London today marks 200 days to go until the opening ceremony of the 2012 Olympic Games with several setbacks in the ticketing system failing to affect the organisers' upbeat mood.
The British Government will hold a special Cabinet meeting in the Olympic Park in east London to mark the day while, from tomorrow, the gymnastics facilities will be the latest to be tested.
As London prepares to become the first city to host the Olympics for the third time, most venues are completed and tickets for all events - except the hundreds of thousands available for the soccer competition - are sold out.
Organisers can take pride in the remarkable transformation of a once-rundown area of scrapyards and workshops into a collection of high-tech sporting venues, virtually a new city of housing and, eventually, a green park.
Yet amid the excitement, many Britons failed to secure tickets after a lottery left most applicants disappointed amid huge demand.
Organiser LOCOG last week admitted it had mistakenly oversold tickets for synchronised swimming sessions and was forced to offer thousands of people tickets to other events.
About 10,000 tickets were meant to go on offer in the second round of sales but 20,000 were released instead.
Those who missed out on synchronised swimming have the consolation of a chance of receiving tickets to the track for the men's 100m final, the blue riband event of the Games which is likely to feature Usain Bolt.
Adding to the organisers' blushes, the website for recipients to resell tickets they do not want has been suspended because of technical woes.
An additional one million non-soccer tickets are due to go on sale in April and they are certain to be snapped up.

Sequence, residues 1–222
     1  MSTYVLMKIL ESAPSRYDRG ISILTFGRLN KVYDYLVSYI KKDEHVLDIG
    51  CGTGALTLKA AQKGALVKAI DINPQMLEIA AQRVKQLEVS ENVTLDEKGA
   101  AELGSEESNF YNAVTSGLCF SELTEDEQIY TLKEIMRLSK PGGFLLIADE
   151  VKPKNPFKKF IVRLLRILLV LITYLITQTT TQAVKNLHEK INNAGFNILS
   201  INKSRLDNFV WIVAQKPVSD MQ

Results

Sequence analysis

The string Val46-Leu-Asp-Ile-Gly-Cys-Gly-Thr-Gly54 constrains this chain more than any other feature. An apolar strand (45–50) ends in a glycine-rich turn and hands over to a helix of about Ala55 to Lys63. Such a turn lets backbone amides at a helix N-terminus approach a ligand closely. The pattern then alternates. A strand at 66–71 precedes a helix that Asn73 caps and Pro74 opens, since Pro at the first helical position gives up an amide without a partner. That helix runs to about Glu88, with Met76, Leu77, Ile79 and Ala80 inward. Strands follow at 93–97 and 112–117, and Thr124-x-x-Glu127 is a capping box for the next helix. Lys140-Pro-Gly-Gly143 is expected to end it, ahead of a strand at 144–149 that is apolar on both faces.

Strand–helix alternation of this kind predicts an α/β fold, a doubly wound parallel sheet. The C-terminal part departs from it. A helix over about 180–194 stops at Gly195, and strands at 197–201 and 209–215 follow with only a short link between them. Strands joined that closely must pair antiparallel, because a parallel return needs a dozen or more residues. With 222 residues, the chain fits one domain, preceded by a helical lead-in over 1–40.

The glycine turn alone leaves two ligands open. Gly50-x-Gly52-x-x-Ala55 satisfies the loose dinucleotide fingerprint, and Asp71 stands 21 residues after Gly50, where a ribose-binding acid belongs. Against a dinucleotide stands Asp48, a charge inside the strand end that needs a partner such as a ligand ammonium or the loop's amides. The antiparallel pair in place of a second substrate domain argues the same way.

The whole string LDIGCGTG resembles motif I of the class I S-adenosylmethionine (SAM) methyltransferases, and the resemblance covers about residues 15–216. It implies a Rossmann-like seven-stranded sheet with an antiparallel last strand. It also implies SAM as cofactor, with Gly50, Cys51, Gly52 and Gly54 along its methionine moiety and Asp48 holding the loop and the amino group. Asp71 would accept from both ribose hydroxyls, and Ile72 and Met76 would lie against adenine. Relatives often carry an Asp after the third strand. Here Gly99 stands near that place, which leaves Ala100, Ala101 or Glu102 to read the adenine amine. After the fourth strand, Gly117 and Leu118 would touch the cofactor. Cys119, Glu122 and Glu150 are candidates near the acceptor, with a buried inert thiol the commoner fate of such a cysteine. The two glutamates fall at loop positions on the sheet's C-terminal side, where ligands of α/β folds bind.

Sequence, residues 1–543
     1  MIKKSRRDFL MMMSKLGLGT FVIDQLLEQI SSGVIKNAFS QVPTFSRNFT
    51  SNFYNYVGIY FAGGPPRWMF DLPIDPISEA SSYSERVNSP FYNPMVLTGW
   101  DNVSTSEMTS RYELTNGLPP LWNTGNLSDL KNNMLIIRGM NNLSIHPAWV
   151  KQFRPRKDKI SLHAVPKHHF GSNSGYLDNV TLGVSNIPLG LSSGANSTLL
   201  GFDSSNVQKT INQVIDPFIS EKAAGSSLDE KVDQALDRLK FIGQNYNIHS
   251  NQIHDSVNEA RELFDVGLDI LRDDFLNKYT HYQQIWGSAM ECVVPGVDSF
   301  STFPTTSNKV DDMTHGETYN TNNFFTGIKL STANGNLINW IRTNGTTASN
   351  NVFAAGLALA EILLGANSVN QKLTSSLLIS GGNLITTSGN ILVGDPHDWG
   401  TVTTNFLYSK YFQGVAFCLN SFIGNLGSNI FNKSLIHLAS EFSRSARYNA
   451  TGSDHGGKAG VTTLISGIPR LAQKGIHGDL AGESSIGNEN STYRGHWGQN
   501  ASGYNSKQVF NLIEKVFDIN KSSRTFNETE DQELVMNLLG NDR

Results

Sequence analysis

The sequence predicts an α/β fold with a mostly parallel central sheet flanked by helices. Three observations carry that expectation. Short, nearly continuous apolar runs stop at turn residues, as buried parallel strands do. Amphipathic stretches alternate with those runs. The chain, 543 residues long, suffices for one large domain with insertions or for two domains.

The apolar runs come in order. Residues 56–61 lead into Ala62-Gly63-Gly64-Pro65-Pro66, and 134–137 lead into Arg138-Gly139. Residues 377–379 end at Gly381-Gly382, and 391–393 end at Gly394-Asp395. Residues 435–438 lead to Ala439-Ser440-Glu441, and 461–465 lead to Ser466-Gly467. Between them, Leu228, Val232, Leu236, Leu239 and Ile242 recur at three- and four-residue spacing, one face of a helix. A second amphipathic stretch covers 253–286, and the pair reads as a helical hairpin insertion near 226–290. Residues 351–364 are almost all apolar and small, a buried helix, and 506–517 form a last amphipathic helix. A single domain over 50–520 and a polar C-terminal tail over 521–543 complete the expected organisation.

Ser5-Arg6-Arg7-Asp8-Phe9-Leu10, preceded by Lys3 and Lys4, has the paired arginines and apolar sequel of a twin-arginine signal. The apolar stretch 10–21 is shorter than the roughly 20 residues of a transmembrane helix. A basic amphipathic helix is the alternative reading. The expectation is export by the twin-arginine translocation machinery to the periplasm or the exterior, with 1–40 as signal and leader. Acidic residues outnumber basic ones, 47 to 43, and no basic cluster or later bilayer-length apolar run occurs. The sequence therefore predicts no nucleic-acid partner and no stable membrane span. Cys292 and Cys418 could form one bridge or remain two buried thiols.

As the clock ticks down to the July 27 opening ceremony, chief organiser Sebastian Coe said the acid test of his organisation would be whether athletes could be delivered to their event on time, and ready to compete.
"I never want an athlete telling me he did not make a final because the Olympic Village did not create the right atmosphere, or he did not get the right service or the transport did not work," Coe told the Evening Standard newspaper.
"The Games have to work for the most important client group, the athletes."
In already-congested London, few doubt that transport is one of the biggest issues the Games face.
Specially reserved Olympic road lanes - for athletes, officials and media - are designed to ensure competitors are not delayed but their effect is likely to be traffic snarl-ups elsewhere in the capital.
India is expected to send a team after its threat to boycott the Games resulted in an assurance that the branding of sponsor Dow Chemical would not appear on the fabric "wrap" around the Olympic Stadium.
India opposes the company's Olympic involvement because of its links to the 1984 Bhopal gas disaster which killed tens of thousands of people.